DNA test restores besmirched birder's reputation after alleged misidentification
Amateur ornithologist Ray Holland spotted Bullock's oriole in Pakenham, Ont., 1 year ago
Ray Holland's fall from bird world hero to featherbrained zero came swiftly, and without mercy.
"It's horrible going into a pub and have a lot people saying, 'Holland! How's your fake bird doing?'" the amateur ornithologist said.
Now Holland is finally starting to restore his good name, once the toast of Pakenham, Ont., but then just toast.
- Bullock's oriole draws flock of birdwatchers to Pakenham
- Bullock's oriole rescued from freezing temperatures in Pakenham
- Birders fooled by imposter Bullock's oriole in Pakenham
It was one year ago that the avid birder and his colleague Richard Waters made their exceedingly rare discovery of an orange-plumed Bullock's oriole while out looking for a completely different species.
"Quite by chance, sitting in a tree with a whole bunch of house sparrows, there was a bird... We had to look at each other twice," Holland said.
Carloads of birders
Amateur ornithologists from across the province flocked by the hundreds to Pakenham to focus their binoculars and telephoto lenses on the exotic visitor, which closely resembles the better-known Baltimore oriole.
"It's absolutely fantastic. It's been mind-boggling," said Holland at the time about the carloads of birders descending on the tiny hamlet to tick the rare find off their lifetime list.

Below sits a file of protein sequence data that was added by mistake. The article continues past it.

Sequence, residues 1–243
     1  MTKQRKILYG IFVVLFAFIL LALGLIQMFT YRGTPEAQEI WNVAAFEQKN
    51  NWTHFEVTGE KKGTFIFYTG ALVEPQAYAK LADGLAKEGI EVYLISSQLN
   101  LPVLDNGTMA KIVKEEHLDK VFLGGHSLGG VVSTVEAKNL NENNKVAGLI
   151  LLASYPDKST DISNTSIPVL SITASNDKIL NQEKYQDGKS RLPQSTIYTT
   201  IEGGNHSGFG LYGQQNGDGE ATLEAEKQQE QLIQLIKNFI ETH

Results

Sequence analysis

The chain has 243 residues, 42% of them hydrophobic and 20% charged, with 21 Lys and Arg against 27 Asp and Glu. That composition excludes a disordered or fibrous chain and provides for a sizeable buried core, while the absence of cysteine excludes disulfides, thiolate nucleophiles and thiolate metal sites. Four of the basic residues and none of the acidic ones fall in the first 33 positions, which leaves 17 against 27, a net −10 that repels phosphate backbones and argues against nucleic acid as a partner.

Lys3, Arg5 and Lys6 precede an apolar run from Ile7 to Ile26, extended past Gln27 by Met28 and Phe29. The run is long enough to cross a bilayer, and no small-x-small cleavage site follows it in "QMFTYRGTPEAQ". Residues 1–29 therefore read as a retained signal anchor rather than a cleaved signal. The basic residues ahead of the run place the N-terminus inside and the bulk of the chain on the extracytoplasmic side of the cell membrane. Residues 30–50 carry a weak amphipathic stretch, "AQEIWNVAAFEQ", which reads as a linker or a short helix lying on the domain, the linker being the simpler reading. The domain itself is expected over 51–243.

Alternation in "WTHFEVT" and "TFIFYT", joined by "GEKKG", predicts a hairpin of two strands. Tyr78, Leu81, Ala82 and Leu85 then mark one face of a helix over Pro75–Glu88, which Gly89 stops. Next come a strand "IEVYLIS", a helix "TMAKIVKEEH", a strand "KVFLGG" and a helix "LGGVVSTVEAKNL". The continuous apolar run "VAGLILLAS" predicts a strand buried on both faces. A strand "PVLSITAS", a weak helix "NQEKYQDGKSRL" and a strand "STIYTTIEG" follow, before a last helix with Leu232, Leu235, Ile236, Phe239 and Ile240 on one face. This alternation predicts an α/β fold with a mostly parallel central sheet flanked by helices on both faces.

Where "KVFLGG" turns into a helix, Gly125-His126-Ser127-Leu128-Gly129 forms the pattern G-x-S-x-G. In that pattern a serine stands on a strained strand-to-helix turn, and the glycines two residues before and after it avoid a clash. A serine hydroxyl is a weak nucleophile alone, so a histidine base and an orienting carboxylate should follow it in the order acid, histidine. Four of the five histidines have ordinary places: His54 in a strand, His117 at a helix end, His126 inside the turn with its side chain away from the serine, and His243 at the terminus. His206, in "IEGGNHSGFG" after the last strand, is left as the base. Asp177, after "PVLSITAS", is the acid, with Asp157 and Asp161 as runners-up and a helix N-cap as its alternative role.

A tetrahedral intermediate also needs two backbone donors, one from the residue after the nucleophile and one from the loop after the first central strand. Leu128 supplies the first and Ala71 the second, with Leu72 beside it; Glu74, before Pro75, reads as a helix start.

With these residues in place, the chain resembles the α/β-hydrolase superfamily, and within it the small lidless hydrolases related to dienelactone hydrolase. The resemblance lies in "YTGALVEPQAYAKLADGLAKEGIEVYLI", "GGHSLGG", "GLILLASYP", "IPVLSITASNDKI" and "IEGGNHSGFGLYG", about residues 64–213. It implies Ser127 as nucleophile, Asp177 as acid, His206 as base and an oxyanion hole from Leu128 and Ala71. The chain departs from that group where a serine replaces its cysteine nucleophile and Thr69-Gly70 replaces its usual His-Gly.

Holland kept a fatherly eye on the oriole and a month later, when the temperatures dipped below those suitable for a California native, scooped the motionless creature out of the snow and had it delivered to Ottawa's Wild Bird Care Centre, where it recovered.
Initial test cast doubt on ID
Jeff Skevington, a researcher at Agriculture and Agri-Food Canada, tested the mitochondrial DNA of the bird's droppings in the hope of confirming its identity for provincial records.
I had a lot of people sort of teasing me around town and then it kind of got a little bit ugly.- Ray Holland
But because DNA in the mitochondria is passed on solely by the female parent, it provides only a partial picture of an animal's heredity. The preliminary results revealed some ordinary Baltimore oriole ancestry, throwing in doubt the bird's more exotic identification.
But the damage had been done. Around town, Holland's name was mud.
"To go into the gas station, and [hear], 'Huh, too bad about your bird...'" said Holland. "I had a lot of people sort of teasing me around town and then it kind of got a little bit ugly."
There were even accusations of malfeasance.
"People were saying it was a big scam to get money for the Wild Bird Care Centre," Holland said. "I got all this stuff for weeks and weeks... It became a big joke."
Further testing proved Holland right
"That [initial test] complicated the story," admitted Mike Burrell, a Ministry of Natural Resources zoologist and secretary of Ontario Field Ornithologists, a birders' group.
"At some point in the past — it could have been a grandmother or the great-grandmother — there was a Baltimore oriole, and that DNA was being passed along through the mitochondria," Burrell said.
"For all intents and purposes it's a Bullock's oriole."
As far as Holland's reputation goes, Burrell believes the whole thing was overblown.
"I don't think he needs exonerating... You could show a photo of this bird to hundreds of birders and all the good ones, if they did their research, would have come to the same conclusion as him."
Last month Holland was handed a certificate of appreciation from Ontario Field Ornithologists for "monitoring and providing updates on the Bullock's oriole in Pakenham."